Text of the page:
A wide array of corporations also poured money into the event. Philadelphia-based Comcast was the largest donor, giving $5.6 million, mostly through in-kind contributions of staff, advertising and hardware. David L. Cohen, a top Comcast executive, served as a senior adviser to the committee. Cohen has been a top fundraiser for President Obama and has helped raise money for Democratic presidential nominee Hillary Clinton.
Other major corporate donors included PECO Energy Co. ($1.8 million), Independence Blue Cross ($1.5 million), Facebook ($1.45 million) and Bank of America ($1 million).
Only two individuals broke the million-dollar mark: J.B. Pritzker, a Chicago-based investor and philanthropist, who donated $1.25 million; and H.F. Lenfest, the former owner of the Philadelphia Inquirer and Daily News, who gave $1 million.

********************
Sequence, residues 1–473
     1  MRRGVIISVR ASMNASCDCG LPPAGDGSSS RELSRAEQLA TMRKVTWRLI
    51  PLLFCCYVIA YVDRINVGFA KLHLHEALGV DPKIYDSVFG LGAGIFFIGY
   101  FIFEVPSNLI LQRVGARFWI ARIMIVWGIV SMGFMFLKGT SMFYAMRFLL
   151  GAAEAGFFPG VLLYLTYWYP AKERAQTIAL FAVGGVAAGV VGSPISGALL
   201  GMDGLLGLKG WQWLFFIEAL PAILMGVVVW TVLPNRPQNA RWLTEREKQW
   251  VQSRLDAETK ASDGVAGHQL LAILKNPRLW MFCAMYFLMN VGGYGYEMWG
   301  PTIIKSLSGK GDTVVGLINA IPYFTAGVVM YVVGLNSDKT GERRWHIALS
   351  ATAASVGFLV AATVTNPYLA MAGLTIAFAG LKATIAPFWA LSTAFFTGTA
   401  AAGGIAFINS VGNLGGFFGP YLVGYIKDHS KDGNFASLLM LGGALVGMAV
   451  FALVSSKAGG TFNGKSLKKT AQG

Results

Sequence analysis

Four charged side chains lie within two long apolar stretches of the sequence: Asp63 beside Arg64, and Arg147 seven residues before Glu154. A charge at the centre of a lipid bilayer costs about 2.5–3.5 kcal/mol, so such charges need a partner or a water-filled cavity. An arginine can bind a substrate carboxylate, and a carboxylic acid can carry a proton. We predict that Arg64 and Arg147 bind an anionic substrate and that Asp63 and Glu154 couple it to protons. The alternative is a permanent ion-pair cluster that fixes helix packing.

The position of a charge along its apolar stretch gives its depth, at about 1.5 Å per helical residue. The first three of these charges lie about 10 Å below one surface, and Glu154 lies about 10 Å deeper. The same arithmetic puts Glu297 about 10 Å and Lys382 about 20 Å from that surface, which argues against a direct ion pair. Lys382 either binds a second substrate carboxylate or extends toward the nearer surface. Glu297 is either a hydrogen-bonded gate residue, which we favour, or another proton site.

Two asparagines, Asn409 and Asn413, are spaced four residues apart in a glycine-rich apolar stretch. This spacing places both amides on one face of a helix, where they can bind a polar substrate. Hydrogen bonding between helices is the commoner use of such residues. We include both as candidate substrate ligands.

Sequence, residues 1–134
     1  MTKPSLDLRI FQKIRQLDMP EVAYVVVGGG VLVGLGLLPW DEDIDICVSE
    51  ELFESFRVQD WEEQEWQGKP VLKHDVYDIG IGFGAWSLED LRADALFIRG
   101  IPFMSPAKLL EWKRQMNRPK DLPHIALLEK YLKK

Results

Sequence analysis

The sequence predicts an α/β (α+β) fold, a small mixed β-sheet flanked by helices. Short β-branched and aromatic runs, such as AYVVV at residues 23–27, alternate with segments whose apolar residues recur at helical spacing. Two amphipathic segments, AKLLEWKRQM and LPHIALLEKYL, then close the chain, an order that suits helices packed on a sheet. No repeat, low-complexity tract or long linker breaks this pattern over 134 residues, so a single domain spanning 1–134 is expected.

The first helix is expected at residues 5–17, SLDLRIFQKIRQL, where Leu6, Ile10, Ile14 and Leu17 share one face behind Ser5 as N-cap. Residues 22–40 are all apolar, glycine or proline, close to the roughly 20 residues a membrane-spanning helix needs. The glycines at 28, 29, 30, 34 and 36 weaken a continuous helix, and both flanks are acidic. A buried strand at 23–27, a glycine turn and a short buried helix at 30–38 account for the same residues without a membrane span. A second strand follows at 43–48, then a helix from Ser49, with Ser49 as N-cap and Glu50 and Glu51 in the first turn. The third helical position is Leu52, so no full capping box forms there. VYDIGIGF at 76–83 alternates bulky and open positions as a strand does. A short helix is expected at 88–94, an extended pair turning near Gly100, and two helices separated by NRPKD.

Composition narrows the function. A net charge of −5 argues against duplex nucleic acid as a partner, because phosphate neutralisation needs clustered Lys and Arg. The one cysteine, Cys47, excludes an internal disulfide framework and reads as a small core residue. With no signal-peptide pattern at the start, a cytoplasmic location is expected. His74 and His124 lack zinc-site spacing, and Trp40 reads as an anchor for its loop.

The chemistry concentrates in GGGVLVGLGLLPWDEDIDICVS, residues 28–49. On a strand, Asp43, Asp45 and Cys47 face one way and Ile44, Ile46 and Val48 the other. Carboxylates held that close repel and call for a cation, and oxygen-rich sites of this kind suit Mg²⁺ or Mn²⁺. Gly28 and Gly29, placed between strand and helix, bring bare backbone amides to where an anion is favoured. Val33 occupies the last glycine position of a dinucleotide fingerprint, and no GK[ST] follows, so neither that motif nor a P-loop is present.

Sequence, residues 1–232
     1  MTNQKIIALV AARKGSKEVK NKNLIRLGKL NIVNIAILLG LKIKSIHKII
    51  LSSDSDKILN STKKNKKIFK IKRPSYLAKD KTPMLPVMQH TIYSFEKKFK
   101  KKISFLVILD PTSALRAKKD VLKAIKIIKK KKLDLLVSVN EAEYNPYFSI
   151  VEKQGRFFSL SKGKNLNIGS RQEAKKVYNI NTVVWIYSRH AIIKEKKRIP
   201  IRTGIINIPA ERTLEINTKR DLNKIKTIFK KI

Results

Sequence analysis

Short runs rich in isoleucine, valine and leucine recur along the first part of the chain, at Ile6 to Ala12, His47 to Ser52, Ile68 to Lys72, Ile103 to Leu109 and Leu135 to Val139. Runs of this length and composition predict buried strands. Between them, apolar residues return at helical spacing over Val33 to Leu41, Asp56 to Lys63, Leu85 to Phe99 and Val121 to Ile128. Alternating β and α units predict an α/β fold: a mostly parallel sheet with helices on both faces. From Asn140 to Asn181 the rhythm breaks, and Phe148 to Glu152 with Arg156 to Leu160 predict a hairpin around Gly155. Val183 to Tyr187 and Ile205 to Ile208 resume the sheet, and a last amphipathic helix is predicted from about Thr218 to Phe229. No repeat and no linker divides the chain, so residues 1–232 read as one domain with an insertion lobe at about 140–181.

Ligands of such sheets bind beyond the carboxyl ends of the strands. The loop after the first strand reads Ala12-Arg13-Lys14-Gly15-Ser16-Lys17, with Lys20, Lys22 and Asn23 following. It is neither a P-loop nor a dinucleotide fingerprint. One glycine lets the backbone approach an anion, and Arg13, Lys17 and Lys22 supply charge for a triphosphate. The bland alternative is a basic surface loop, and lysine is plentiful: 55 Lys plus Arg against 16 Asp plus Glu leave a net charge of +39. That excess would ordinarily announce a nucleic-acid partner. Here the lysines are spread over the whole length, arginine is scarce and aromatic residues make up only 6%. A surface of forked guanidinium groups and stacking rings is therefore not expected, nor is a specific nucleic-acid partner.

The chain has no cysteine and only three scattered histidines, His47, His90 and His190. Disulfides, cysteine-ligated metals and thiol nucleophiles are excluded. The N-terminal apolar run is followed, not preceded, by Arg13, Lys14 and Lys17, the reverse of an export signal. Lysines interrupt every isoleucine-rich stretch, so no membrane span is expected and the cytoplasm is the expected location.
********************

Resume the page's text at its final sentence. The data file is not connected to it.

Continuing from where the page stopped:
Money also flowed from the pro-Clinton Priorities USA Action, which helped out with $1.5 million.
Some of the donors were not immediately identified. About $4.5 million came to the host committee through the Philadelphia Convention & Visitors Bureau, a workaround that officials created after the host committee failed to obtain its designation as a charity under section 501(c)(3) of the tax code. A spokeswoman for the bureau said that three contributors were willing to have their names disclosed: the Greater Philadelphia Chamber of Commerce ($10,000), the Drumcliff Foundation ($50,000) and the Dyson Foundation ($125,000).
For its part, the host committee for the Republican National Convention in Cleveland raised more than $65 million in cash and in-kind donations, with major sponsors including AT&T (nearly $4.3 million), Microsoft ($1.8 million in software), Jones Day ($1.5 million) and oil interests such as Marathon Petroleum ($1.2 million).